BRIBERY tops the list of wrongdoings that saw officials of China's state-owned enterprises investigated or sentenced on criminal charges last year.

A report showed that 88 cases in state-owned enterprises involved corruption thataveraged 33.84 million yuan (US$5.37 million) for each person, while the 2010 figurewas 9.57 million yuan.

The report said cases involving senior officials or top executives in both state ownedand private enterprises were rising - from 95 in 2009, 155 in 2010 to more than 200 last year.

Among the 220 cases last year, 202 were work-related crimes, according to the Faren magazine, which conducted the study.

The cases looked at were only those which had been publicly reported, said writer Wang Rongli.

The report covered 199 of the 202 cases, as suspects in the other three cases were still at large, Wang said.

Of those, 88 involved state-owned enterprises and 111 involved private enterprises.

On average, state-owned enterprise officials were 52.59 years old when alleged illegal activities were exposed. Of 56 cases which were concluded last year, 14 state-owned enterprise officials received death sentences with two-year probations and six were jailed for life.

The biggest case involved Feng Yongming, a furniture tycoon and de facto controller of stated-owned Guangming Group Furniture Co in Yichun in northeast Heilongjiang Province. He was sentenced to death with two-year probation and his personal assets confiscated in July over corruption involving a total of 790 million yuan.

In 2005, Feng featured on the Hurun Rich List with 500 million yuan in personal assets.

The average age of those involved in the 111 private enterprise cases was 45.67 when their crimes were detected and fraud topped the list of offenses, the report said.

Two were executed last year, another five received death sentences, four received death sentences with probation and 11 were jailed for life.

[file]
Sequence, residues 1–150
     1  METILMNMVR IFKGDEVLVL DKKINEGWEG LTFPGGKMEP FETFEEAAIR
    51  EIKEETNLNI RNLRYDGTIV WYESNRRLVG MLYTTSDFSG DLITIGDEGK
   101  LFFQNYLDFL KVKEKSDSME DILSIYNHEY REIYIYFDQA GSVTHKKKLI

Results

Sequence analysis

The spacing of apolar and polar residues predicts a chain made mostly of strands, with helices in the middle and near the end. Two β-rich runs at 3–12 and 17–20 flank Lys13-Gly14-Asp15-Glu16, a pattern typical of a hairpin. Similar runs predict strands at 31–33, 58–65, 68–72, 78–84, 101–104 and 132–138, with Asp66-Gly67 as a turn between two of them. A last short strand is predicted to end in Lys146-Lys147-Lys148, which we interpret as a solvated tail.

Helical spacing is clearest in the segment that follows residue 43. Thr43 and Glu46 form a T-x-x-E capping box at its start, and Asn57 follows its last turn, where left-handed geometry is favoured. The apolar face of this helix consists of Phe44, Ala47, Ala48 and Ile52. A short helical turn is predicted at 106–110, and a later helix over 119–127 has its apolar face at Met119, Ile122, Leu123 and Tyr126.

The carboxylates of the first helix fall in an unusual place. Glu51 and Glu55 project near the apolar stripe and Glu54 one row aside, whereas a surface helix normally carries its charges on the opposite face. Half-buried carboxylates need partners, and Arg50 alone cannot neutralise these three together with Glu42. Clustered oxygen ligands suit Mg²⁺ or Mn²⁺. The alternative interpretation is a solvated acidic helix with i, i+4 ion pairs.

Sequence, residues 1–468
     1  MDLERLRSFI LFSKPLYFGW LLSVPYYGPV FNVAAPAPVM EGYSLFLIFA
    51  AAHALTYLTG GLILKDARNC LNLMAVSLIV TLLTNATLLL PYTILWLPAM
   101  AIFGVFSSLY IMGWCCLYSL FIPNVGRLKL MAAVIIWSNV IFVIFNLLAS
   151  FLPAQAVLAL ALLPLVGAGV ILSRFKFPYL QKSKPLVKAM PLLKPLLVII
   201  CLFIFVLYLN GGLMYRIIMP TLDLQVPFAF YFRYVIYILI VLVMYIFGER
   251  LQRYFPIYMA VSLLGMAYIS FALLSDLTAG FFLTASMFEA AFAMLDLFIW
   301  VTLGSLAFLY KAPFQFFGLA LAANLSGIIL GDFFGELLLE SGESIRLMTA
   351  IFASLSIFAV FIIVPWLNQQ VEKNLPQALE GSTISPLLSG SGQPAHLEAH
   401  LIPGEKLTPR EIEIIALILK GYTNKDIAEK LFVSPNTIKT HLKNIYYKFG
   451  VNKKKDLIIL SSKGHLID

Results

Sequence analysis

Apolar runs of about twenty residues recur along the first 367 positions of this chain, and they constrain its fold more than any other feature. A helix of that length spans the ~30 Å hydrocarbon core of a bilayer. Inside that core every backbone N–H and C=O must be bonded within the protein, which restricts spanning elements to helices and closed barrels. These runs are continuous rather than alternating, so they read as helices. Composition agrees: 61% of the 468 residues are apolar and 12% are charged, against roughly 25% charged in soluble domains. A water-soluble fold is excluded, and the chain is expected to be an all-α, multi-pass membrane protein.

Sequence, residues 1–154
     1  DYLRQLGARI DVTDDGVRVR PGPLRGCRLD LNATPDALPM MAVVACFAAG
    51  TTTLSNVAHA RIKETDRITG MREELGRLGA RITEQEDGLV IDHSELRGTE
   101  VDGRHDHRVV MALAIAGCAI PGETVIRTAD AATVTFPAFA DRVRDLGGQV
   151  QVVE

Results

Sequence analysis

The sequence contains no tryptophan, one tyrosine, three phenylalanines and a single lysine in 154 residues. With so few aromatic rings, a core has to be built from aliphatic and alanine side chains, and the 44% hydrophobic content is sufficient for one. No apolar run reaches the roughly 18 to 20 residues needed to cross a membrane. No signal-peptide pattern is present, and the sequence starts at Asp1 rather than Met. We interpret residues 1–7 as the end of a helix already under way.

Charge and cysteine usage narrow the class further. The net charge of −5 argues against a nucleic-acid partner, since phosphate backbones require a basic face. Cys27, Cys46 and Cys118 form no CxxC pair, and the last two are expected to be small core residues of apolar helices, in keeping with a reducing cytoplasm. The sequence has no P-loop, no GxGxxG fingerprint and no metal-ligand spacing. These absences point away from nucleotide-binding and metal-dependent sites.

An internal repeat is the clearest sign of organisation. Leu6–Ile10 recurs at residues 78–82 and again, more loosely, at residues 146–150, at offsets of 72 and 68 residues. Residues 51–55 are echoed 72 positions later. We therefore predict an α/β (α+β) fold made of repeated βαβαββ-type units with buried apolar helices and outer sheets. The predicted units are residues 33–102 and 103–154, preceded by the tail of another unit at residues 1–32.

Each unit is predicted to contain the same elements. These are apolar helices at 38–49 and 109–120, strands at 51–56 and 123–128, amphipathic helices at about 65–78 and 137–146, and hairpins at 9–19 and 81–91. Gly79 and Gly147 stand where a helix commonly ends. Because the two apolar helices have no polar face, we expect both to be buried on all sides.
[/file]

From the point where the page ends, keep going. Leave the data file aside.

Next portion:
The report said group crime was conspicuous last year with at least 79 cases involving two or more individuals working in concert. Those cases actually involved atotal of 1,266 suspects.

Cases involving officials in gang-related crime dropped, while fraud and swindling rose from 19 cases in 2010 to last year's 41.




(Editor:梁军)








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Post time 2012-4-25 13:24:34 |Display all floors

RE: China needs political reform

It is the nature of things that the mouse is attracted to the piece of cheese, as it is as much as sugar is bad for a person with diabetes, as money and politics don't mix well!  As true as the sun rises from the east, so does money cum politics corrupts absolutely!
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Post time 2012-4-25 14:22:53 |Display all floors

RE: China needs political reform

Bribe-taking official gets death penalty

By Zhao Wen  |   2012-4-24  |     NEWSPAPER EDITION

A former top district official in Shanghai was sentenced to death yesterday with two-year reprieve for taking bribes exceeding 15.47 million yuan (US$2.45 million).

Chen Meng, former deputy chief of Putuo District, was sacked last September, seven months after his promotion, when disciplinary inspectors found him guilty of bribery. Prosecutors in Shanghai No. 2 Intermediate People's Court said Chen, 49, took advantage of his position as deputy chief of Songjiang District between 2003 and 2011 to help others win construction contracts.
From 2004 to 2008, Chen received 11.27 million yuan from a company boss surnamed Ma for helping him with company registration and land transactions.

Chen also took 2.5 million yuan of public funds from a township official surnamed Shen in Songjiang District. In return, Chen approved several road and bridge projects in the town.

The court said Chen also received bribes from three other people and offered illegal help for their businesses. He spent some of the money to buy houses.

Before he worked in Songjiang, Chen had served as office director of the Jing'an District government, deputy Party secretary of Jing'an District Property Management Bureau, and general manager of Jing'an Properties Group.



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Post time 2012-4-25 14:45:40 |Display all floors

RE: China needs political reform

This post was edited by sansukong at 2012-4-25 14:04

Chinese police investigate 6,500 cases of commercial bribery in 5 years

09:27, April 18, 2011

Some 6,500 cases of commercial bribery, involving 1.1 billion yuan (160 million U.S. dollars), were investigated by Chinese police in the last five years, according to the Ministry of Public Security.



Over 5,000 people involved in these cases were penalized, according to a statement released Sunday from the ministry's workshop on combating commercial bribery held in central Chinese city of Changsha.



According to the statement, the ministry has launched a crackdown, focusing on sectors most prone to commercial bribery, including construction, real estate, finance, logistics, hospitals and education.



The ministry plans to step up efforts in investigating commercial bribery cases and collecting information so as to discover more of such cases.



Source: Xinhua